Friday, October 7, 2011

The Sin of being 'Nice'

My friend Jim Beyer has written a great response to a post by Bishop Victoria Matthews' of New Zealand
support of the Anglican Covenant.

In American parlance especially in the South the term 'nice' is what boys and girls are taught from first breath.  'Nice' becomes the be-all-and-end-all of all social engagement.  Nice is more important than truth, 'nice' is more important than kindliness.  It is more important than agreement, compassion,  meaningful exchange, or even love.  'Nice' is a plastic expression of pleasantry that usually masks integrity. 

In the South for a girl growing up in the 50's, nice was what girls were supposed to be.  But catty was what really evolved.  We could be 'sweet' to the adults but to one another, nasty was the real outcome.  I got out of the South as soon as I could to escape the 'niceities' of my surroundings.  I moved back last year and lo and behold I found a Texas that is not 'nice'.

I don't know if it has been all those Yankees who have moved down here or those pick'em up trucks or the Republican politics, but the 'nice' Texas of the '50's is no more.  A little ole lady is just as likely to get a one finger salute driving Ft. Worth streets as in NJ and the F word is as common on the streets of NY.  It has become just as crass as the rest of the world but somehow it has become a great deal more honest.

It is only when you get out into the smaller towns or the rural areas do you find people pulling over when a funeral cortege passes by or the old Southern 'drop by' still in effect.  There is still respect for those 'texasism'--terms that have deeply subversive yet funny meanings like:  "He's all hat and no cattle" or "she's as confused as a goat on AstroTurf".  But that phony 'nice' is giving way to a more genuine set of feelings and behavior that one can depend on as being real.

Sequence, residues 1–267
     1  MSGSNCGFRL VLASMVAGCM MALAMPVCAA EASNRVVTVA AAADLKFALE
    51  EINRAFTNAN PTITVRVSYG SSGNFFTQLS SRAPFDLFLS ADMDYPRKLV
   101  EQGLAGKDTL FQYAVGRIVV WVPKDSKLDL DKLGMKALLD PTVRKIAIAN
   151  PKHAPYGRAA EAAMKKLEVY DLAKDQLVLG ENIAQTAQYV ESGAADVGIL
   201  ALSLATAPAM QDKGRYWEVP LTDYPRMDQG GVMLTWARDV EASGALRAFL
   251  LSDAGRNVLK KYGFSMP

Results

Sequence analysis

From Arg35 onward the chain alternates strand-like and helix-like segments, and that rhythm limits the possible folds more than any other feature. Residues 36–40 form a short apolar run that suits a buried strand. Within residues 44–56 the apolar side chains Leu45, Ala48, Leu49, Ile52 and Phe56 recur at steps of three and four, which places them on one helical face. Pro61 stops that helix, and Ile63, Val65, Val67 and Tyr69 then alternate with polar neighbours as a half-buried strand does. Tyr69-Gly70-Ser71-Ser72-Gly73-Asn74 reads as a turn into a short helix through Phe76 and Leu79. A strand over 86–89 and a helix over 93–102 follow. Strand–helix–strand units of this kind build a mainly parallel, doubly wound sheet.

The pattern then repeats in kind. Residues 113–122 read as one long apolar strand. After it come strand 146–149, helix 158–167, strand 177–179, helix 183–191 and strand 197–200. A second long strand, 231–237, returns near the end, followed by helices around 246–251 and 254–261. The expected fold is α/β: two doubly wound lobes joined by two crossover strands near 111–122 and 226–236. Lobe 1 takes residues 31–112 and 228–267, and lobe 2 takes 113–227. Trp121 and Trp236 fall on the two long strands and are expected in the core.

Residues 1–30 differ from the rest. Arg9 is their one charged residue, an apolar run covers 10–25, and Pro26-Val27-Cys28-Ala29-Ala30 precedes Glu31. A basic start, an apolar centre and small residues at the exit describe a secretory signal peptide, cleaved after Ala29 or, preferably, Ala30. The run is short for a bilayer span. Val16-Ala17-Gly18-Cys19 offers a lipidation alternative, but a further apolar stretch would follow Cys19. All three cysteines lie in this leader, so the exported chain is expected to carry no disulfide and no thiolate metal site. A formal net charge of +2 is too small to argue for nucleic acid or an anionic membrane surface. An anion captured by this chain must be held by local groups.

With regards to the Anglican Communion, perhaps what we will have as time moves on is a group of churches throughout the world who can speak honestly to one another, who can discuss important elements of the faith without fear of 'losing face', losing faith' or some other kind of loss.  The loss of 'nice' may actually help us clarify what we mean rather than using arcane theological terms that are not understood alike.  "If Christ be with us, who can be against" comes to mind.  It makes us a bit 'tougher' to face the discomfort of differing opinions or different aspects of what it means to be Anglican.  I makes us a bit bolder to address the hard issues of what it means to be a disciple of the One who calls us to peace, not just nice.


Jim said...

Well said. I think you have nailed the problem with nice. What we need is honest and committed to agree to disagree.

Not with this document cutting off all discussion. What we get is a set of positional papers followed by a Standing Committee directive.


Lionel Deimel said...

The Episcopal Church, since 2003, has been concentrating on nice, and, if we’re not careful, niceness will be the death of us. Let us hope that next year’s General Convention scraps nice, tells the Communion what it really believes, and rejects the Anglican Covenant.